The first big holiday weekend of the summer is upon us. This means your summer docket is probably filling up with a succession of graduation parties, family reunions, picnics and a variety of get-togethers. 


The key to getting maximum enjoyment out of these soirées is to avoid discussion topics that elicit mind-crushing boredom. Dodging Uncle Zelmo's commentary about the progression of his goiter over the winter must be achieved at all costs. So, as a public service, here are some topics that may help divert conversations to (at least) a tolerable level. 


For example, chicken may be on the menu at some parties. However, while wings may be a popular barbecue staple, the Centers for Disease Control and Prevention has some advice regarding other chicken interaction. “Fifty-two people in 21 states have contracted salmonella from backyard poultry. The issue is that chickens and ducks with salmonella look healthy and clean, so people touch them and then get infected.” 


The CDC has recommended ways to avoid getting infected. One may surprise you: “Don’t kiss or snuggle backyard poultry.” So, stay safe this weekend. Don't smooch with poultry. (


If you're planning to attend a party away from home, depending on where you're headed, you may want to pack bug repellent. Orkin has just published its “Top 50 Mosquito Cities” list. The top cities in which to get eaten alive are:  

Atlanta,  New York, Washington, D.C., Chicago, Houston, Dallas-Ft. Worth, Detroit, Philadelphia, Charlotte, and Raleigh-Durham. Grand Rapids also made the list at 29. (


With chickens and bugs under control, you may want to insert a game into the discussion festivities. Ask this: “What are the best and worst states in which to live?” A new analysis by U.S. News & World Report will provide the answers. 


“The American rankings and analysis website factored in health care, education, economy, infrastructure, opportunity, fiscal stability, crime and corrections, and natural environment to create its annual list.” The ten best (1-10) were: Washington, New Hampshire, Minnesota, Utah, Vermont, Maryland, Virginia, Massachusetts, Nebraska, Colorado. The ten worst (40-50) were: Kentucky, Pennsylvania, South Carolina, Oklahoma, Alaska, Arkansas, New Mexico, West Virginia, Mississippi, Alabama, Louisiana. 


Michigan came in at 33. In the various categories, the Michigan scores were: Health 24, Education 37, Economy 19, Infrastructure 41, Opportunity 14,  Fiscal Stability 27, Crime and Corrections 35, Natural Environment 29. Your tax dollars at semi-work.  (


One thing that may hinder conversation is phubbing, which is snubbing someone in favor of looking at a phone. A way to convert this from an insult to a chance for actual eye contact is to pose a simple question: “What is the main thing that causes mobile phones to fail?” 


The answer may surprise the phubber. According to the 2019 Ting Mobile Phone Fail Survey, phone drowning is the main cause. The main modes of phone drowning are: dropped in a toilet (30 percent), dropped in a pool (13 percent), rain (10 percent), dropped in a sink (7 percent), and dropped in a drink (7 percent). (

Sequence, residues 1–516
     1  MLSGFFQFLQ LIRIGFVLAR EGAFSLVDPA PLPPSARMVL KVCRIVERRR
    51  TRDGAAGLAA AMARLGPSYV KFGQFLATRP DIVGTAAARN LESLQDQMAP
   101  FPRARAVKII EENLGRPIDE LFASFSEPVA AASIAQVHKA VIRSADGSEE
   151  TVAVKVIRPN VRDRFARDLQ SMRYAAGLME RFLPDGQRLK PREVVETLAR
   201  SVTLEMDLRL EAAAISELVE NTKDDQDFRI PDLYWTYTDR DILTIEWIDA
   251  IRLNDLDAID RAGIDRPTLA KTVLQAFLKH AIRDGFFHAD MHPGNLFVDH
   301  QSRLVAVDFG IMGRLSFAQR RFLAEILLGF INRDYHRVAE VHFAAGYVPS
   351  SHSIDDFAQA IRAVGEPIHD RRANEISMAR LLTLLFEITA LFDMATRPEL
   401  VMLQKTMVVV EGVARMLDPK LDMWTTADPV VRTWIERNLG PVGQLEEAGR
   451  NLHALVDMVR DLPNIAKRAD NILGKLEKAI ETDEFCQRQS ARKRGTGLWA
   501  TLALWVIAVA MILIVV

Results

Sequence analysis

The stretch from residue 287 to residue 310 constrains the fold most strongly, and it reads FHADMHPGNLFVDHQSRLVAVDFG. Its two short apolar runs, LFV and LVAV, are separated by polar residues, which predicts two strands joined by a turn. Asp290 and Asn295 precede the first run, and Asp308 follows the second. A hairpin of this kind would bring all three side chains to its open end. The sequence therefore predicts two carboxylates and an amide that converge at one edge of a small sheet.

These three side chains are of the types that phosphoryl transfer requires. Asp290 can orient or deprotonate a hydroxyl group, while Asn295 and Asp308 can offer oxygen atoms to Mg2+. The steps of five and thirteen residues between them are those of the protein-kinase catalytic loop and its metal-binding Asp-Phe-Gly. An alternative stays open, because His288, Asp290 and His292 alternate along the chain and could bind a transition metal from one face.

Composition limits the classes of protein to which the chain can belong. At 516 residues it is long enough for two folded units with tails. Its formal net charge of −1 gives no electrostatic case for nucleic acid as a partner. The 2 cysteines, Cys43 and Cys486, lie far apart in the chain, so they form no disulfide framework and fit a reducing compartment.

With some good weather predicted for this weekend, taking a walk along a lake or through the woods might be an enjoyable activity. This is so good for you that doctors are now issuing prescriptions for doing this. “Nature is becoming a form of medicine in west Michigan. Under a new initiative, Park Rx America, doctors are prescribing visits to local parks along with more traditional medicine to boost patient health.” The program is underway near Holland, Michigan. (


The Park Rx America website says: “The mission is to decrease the burden of chronic disease, increase health and happiness, and foster environmental stewardship, by virtue of prescribing nature during the routine delivery of healthcare by a diverse group of health care professionals. Physicians can register through the website to prescribe parks to their patients.” 


A check of the Park Rx site shows that no parks are listed in a 25-mile radius around Cadillac. This may be something we may want to update at:


Sports is always a popular field for spirited opinion swapping. A new rule for college basketball may come into play as early as next season. “The NCAA Men’s Basketball Rules Committee proposed moving the 3-point line to the international basketball distance of 22 feet, 1¾ inches. If the recommendation is approved by the Playing Rules Oversight Panel on June 5, the rule would be effective for the 2019-20 season in Division I. Due to the potential financial impact, the new 3-point line would go into effect for the 2020-21 season in Divisions II and III.” 


Moving the line back has the potential to alter the game. “The committee cited the following rationale for extending the line: Making the lane more available for dribble/drive plays from the perimeter, slowing the trend of the 3-point shot becoming too prevalent in men’s college basketball, and assisting in offensive spacing by requiring the defense to cover more of the court.” 



Finally, it would be appropriate to pause during the weekend to remember the real meaning behind Memorial Day. As John F. Kennedy said: “As we express our gratitude, we must never forget that the highest appreciation is not to utter words, but to live by them.” 


Jim Neff is a local columnist. Read Neff Zone columns online at and